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Three Ways to Give Thanks in a Year of Good Returns and Minimize Your Taxes


Three Ways to Give Thanks in a Year of Good Returns and Minimize Your Taxes

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Posted on <time class="entry-date published updated" style="box-sizing: inherit;" datetime="2017-12-05T13:38:52+00:00">December 5, 2017</time> by Ray Hawkins (ADPA®, AWMA®, CAP®, CFP®, RICP)
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Three Ways to Give Thanks in a Year of Good Returns and Minimize Your Taxes

We have been fortunate to have another year of climbing stock prices, and been blessed with a solid performance in our portfolios. With this good fortune, we are also face with the uncertainty of the Republican tax plans currently before Congress, geopolitical risks, rising rates, and the maturity of the rising markets. The thoughts of taking some profits at the highest levels in history of the US markets, is a good thing.  However, cashing in on those appreciated shares will cause a taxable gain.

Here are some considerations for those that include philanthropy in their planning goals, that can maximize your charitable contributions, and minimize your taxes. You should have a goal for what you want to accomplish regarding your giving.  Remain true to that goal and the organizations you most trust. Stick to the budget and philanthropic vision you’ve created to make the most of your philanthropic dollars.  Giving larger gifts to fewer charities creates a bigger impact.”

The below are three ways donors can get the most bang for their charitable buck:

Donate Stock Directly

You more than likely may have large capital gains in your brokerage or other taxable accounts thanks to this multiyear bull market, and selling appreciated stocks and giving the proceeds to charity is not the most efficient form of giving.  Instead, it’s more tax-efficient to gift the appreciated securities directly to a charity.

To illustrate, take a retired couple in the 15% tax bracket for long-term capital gains who sell appreciated stock for $2,000 that they originally bought for $500. In this scenario, they would pay $225 in federal tax on the $1,500 gain that was realized from the sale. If they donate the rest of the money from the stock sale, they would receive a tax deduction of $1,775. Assuming they’re in the 25% income-tax bracket, their tax savings would be about $443.

But if that same couple gifts the appreciated stock directly to the charity, they would pay no tax on the sale. The couple would receive a $2,000 tax deduction and save about $500 in taxes. And by donating directly they would give the charity $225 more.

Important Note: Donors should avoid gifting shares with a capital loss. For example, if a donor has shares valued at $750 with a cost basis of $1,000, he would be better off selling the shares for $750, realizing the capital loss, and then giving $750 in cash to the charity.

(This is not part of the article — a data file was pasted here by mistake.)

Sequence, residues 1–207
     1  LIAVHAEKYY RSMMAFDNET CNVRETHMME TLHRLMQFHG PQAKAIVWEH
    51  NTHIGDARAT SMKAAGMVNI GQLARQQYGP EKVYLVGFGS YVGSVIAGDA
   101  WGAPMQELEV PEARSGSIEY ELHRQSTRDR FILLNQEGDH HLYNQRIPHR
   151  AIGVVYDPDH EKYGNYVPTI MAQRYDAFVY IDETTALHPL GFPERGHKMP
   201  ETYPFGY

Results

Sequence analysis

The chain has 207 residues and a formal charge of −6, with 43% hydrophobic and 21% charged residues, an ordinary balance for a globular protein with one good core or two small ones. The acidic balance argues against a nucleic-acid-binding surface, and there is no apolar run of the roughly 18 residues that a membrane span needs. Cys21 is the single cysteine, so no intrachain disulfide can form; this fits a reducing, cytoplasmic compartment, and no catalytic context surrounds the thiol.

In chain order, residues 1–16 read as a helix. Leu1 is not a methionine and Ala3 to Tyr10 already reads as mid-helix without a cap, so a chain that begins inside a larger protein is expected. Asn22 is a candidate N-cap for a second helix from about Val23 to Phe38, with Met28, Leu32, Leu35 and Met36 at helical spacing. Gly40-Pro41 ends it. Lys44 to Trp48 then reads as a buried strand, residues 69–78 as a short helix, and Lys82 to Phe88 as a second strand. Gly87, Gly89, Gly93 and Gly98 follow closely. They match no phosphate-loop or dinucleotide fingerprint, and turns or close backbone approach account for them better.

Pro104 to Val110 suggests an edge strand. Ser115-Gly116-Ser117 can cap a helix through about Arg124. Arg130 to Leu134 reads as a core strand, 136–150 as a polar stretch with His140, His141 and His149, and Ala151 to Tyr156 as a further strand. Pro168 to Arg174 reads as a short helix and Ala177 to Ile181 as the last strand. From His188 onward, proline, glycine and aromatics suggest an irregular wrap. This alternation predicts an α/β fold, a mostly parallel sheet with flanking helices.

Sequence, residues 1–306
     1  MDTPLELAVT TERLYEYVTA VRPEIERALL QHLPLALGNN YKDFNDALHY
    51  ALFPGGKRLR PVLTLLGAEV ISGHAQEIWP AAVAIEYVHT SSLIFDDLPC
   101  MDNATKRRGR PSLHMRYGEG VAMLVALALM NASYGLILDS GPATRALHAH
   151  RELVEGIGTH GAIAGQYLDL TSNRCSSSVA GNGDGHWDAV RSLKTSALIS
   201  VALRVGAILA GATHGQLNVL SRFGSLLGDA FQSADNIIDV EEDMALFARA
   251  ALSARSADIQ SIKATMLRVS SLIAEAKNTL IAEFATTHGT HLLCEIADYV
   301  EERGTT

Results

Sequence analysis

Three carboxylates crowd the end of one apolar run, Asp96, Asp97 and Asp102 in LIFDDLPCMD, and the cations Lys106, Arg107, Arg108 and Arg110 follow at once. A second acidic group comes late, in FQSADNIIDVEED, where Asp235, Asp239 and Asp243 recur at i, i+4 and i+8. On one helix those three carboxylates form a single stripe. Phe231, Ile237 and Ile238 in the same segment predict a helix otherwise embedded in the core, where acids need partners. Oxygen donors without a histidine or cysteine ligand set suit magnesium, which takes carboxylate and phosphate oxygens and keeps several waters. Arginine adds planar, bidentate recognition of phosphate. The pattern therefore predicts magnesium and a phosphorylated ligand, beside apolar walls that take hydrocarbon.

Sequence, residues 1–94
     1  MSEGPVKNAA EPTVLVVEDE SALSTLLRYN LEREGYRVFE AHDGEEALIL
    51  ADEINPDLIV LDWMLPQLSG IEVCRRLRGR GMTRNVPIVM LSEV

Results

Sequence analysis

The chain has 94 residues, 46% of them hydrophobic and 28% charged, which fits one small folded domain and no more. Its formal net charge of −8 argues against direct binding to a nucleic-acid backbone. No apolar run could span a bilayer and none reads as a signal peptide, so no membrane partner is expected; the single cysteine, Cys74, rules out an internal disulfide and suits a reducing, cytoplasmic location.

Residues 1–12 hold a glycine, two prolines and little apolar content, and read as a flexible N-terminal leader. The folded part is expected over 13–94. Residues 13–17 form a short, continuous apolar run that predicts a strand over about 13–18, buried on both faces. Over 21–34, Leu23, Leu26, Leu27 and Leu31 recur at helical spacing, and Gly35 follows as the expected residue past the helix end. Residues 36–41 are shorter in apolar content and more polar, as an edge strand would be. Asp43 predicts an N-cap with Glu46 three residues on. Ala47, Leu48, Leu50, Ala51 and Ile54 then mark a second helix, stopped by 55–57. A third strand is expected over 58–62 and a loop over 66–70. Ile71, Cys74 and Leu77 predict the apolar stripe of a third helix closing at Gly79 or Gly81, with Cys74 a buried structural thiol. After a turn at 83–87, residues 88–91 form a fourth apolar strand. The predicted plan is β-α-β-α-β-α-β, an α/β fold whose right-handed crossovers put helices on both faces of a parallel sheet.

Donate your Required Minimum Distribution

Investors who must take required minimum distributions from their individual retirement account, those age 70½ and older, should consider making a qualified charitable distribution to donate IRA assets.

With this approach, instead of an investor taking a distribution, paying income taxes on the full amount and then donating cash to the charity, they could donate directly to the charity, so the money isn’t taxed.

The donor can give the entire required distribution or just a portion of it, and can give the funds to multiple charities. (These Qualified Charitable Distributions are capped at $100,000 per person annually.)

Another benefit of this strategy is that it lowers the donor’s taxable income and can potentially reduce the amount of Social Security payments that might be taxable. It may also reduce Medicare premiums.

Important Note: RMDs cannot be transferred to Donor Advised Funds, only directly to a qualified charity.

Open a Donor-Advised Fund

While Republicans in both houses of Congress would retain the charitable-contribution deduction in their tax-overhaul measures, both proposals also call for a near doubling in the standard deduction and the elimination of many other deductions.

If implemented, then, the GOP plan could increase the number of Americans who take the standard deduction and reduce the number of people likely to itemize and take advantage of the charitable deductions.

Donors who believe they might be affected by this scenario next year might consider increasing their charitable gifts this year.

Such donors should also consider a donor-advised fund if they want to benefit charities in future years. Donor-Advised Funds let investors receive a tax deduction for a charitable donation immediately but give them the flexibility to make charitable grants later.

One of the big things propelling the growth of donor-advised funds is how easy and convenient they are to use. Many of the larger ones, such as Fidelity Charitable, Schwab Charitable, and Vanguard Charitable have user-friendly web solutions that make donating and granting easy. Donor-Advised Funds make things easy from a recordkeeping perspective, too, because even if you donate to multiple charities in a calendar year, the fund consolidates the receipts you would file with the IRS into one statement and one deduction amount.

They’re also flexible in terms of the types of assets they will accept: stocks, bonds, and shares of mutual funds, as well as private equity, hedge funds interests, restricted stock, real estate, and even bitcoin.

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